Custody & Parenting Time:
Supporting Your Child’s Adjustment to Co-Parenting
“Co-parenting” refers to a situation where a child’s parents are not in a marriage, or cohabiting, or in a romantic relationship with one another. Typically co-parenting occurs when two partners break up, separate or divorce – but both parents remain involved to some degree in taking care of their children.
As an experienced family law attorney, I have seen hundreds of co-parenting situations – some very positive and some that were stressful for the parents and the children. In this article I would like to offer some insights that I have gained through years of helping families successfully negotiate the challenges of divorce, custody and parenting time.
It should be obvious that becoming a competent co-parent requires putting a child’s needs ahead of your own. But for many parents it is easy to lose sight of this, in the heat and hurt of an emotional break-up, or when dealing with an insolent “ex.” Understanding the following factors affecting “good parenting time” can help you create a loving and secure environment for your child.
Fair and Equal Parenting Time
Research shows that children who maintain nearly equal time with both parents grow up to have higher self-esteem, as well as fewer trust issues. So it is in a child’s best interest to encourage them to spend time with their other parent. This includes maintaining a positive tone when discussing your ex-spouse in front of your child, so that they never feel guilty, afraid or conflicted about going to see the other parent.
Even if your parenting time agreement only specifies “every other” weekend, or perhaps a 70/30 split, you may want to consider balancing it out with more flexible and frequent visits – for the long-term psychological health and happiness of your children.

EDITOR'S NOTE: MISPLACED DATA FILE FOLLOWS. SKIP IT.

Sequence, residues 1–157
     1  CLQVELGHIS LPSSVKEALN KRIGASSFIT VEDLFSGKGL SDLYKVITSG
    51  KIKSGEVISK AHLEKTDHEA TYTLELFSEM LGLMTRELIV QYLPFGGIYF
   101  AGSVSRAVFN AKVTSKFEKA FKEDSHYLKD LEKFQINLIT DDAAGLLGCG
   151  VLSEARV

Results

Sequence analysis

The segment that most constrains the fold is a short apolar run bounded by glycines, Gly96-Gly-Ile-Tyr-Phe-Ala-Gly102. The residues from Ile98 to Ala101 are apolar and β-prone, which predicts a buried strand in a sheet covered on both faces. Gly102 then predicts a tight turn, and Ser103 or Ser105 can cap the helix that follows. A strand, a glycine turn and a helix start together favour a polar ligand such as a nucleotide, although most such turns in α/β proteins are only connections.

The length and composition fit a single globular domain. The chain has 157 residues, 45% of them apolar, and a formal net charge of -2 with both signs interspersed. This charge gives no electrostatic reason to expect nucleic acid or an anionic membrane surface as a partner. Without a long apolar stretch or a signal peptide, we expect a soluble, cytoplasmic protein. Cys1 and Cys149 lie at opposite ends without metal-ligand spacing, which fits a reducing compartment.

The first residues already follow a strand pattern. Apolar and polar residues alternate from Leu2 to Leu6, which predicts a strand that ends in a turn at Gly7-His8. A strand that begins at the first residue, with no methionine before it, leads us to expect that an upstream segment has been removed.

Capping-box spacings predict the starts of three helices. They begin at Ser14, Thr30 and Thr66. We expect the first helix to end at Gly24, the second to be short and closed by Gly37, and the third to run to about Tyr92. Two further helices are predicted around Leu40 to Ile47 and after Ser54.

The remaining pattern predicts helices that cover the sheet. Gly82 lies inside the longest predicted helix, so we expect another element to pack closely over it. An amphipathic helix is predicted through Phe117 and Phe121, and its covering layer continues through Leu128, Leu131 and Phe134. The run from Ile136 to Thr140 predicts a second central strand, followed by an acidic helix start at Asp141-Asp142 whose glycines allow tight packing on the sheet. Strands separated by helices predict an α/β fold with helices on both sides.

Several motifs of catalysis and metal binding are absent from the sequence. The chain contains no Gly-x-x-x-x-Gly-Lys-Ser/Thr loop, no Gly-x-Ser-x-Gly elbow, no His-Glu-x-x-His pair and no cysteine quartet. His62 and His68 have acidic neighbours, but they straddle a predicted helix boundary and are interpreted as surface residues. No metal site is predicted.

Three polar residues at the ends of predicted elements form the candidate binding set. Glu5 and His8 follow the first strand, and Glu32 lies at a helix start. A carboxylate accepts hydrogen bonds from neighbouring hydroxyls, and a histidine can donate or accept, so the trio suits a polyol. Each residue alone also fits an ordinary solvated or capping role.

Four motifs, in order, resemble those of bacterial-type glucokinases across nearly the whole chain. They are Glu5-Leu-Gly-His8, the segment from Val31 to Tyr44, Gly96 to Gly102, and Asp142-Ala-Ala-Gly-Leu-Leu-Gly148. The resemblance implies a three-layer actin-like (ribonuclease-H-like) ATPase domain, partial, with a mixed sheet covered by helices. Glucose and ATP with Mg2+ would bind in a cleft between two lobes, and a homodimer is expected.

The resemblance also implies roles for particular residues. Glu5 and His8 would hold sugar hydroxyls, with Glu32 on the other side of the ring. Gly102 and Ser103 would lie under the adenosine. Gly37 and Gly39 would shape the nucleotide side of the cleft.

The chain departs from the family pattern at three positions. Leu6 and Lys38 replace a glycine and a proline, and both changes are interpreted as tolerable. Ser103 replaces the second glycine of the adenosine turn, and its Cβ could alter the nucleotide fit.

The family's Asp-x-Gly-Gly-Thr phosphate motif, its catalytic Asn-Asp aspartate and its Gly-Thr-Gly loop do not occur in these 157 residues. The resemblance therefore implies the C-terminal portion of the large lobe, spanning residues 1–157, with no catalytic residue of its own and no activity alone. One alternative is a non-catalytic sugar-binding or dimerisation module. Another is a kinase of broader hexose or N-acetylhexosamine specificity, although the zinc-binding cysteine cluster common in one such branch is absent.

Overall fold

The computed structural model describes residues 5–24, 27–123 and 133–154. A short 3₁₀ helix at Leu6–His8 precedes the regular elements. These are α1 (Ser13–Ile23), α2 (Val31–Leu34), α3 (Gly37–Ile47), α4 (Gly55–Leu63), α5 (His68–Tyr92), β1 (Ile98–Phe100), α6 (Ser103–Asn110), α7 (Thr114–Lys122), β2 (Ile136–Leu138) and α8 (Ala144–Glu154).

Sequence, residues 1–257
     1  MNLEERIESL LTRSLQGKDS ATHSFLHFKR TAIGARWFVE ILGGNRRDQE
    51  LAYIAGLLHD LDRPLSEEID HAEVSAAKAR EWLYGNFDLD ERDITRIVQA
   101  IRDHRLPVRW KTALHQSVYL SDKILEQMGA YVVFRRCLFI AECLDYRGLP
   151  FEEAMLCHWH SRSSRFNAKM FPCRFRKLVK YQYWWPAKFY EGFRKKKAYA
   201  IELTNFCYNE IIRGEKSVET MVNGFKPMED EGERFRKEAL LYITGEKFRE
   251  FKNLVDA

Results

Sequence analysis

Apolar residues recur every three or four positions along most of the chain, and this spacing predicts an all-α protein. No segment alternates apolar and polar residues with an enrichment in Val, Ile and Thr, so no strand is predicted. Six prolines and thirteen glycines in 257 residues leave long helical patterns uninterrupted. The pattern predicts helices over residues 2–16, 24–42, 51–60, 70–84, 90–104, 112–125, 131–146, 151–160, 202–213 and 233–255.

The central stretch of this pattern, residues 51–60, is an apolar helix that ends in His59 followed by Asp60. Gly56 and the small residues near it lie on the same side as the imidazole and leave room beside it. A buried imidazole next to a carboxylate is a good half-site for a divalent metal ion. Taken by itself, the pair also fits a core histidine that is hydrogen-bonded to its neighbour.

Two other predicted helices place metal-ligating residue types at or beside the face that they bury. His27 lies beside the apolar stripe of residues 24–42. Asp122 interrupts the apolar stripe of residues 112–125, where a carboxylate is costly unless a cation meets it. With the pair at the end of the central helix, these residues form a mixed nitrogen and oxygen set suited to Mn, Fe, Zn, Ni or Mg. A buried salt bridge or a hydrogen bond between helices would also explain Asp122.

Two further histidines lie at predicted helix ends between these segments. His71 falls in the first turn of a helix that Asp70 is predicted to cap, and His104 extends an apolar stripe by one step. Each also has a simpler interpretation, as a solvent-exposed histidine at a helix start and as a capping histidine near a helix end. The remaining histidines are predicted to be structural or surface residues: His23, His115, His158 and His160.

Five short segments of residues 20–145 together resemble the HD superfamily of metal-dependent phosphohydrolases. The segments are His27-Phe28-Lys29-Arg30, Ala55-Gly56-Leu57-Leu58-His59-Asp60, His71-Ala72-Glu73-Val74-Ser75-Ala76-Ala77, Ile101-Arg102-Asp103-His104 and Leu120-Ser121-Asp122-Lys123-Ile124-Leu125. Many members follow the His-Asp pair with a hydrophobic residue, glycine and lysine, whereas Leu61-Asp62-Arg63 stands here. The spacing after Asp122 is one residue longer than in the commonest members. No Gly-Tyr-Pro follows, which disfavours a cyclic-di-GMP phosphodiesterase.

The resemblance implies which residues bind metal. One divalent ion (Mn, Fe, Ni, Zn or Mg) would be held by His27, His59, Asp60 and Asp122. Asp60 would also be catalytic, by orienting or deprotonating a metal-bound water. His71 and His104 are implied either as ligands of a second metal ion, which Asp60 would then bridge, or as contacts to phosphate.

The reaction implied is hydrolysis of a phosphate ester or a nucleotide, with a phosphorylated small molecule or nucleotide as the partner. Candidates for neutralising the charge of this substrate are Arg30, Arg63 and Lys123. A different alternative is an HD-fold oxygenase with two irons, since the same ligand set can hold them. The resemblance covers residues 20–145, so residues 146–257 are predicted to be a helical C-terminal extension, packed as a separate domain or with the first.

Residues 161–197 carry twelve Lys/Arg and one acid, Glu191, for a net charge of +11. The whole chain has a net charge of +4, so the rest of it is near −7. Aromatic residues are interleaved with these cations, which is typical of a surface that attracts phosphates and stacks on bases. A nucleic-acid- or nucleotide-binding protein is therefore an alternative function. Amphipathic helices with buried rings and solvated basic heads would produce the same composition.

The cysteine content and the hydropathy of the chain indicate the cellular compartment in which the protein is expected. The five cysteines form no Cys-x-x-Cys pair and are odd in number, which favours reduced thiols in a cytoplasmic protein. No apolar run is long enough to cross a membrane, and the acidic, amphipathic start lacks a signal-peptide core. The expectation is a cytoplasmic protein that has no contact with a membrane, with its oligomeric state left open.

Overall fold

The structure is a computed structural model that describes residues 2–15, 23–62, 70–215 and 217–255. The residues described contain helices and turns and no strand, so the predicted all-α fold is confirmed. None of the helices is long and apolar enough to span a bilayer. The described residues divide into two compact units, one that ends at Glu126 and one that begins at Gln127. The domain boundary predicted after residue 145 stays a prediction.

Parenting Time and Transitioning Between Households
Moving from one parent’s home to the other parents home can be stressful for a child – especially younger children. It is common for a child to resist leaving one home – even crying or getting upset – when it is time to go to another home. This does not mean that the child loves the other parent any less! Instead it should be understood as the natural response of a child who is facing “change” and is craving security.
It is important that co-parents create a schedule that doesn’t make the child feel like they have to “choose sides”. A child simply doesn’t have the wisdom, insight, and clarity to make decisions about spending time with both parents. This is a decision that needs to be made for them. And if both parents provide a “united front” the child will never feel guilty or disloyal
As much as possible, parents should work together to determine schools, extra-curricular activities, and all the other aspects of the child’s life, to foster a cohesive daily experience for the child.
Helping a child anticipate the transitions between their two homes will help your child feel secure. You can do this by reminding them ahead of time that they will be spending time at their other home. Giving them something to look forward to can help even further. For example: “Daddy is planning on taking you to the park on Saturday” helps your child anticipate the change, and even be excited about going to their other home.
Parenting Time for Children’s Emotional Health
Children often feel responsible for their parents’ happiness. In some cases, they might feel the need to side with one parent against the other parent. This can cause alienation. And feelings of estrangement from a parent is unhealthy psychologically for your child. Try not to express negative opinions about the other parent’s lifestyle, values or identity. If your child hears you criticizing the other parent, it can have a detrimental impact on them emotionally because they will feel that they are in the middle.
Finally, modeling cooperation and polite behavior sets a positive tone for co-parenting and teaches your child important values. Recognize that your ex is, in spite of your differences, your child’s parent – and deserves respect for that reason alone.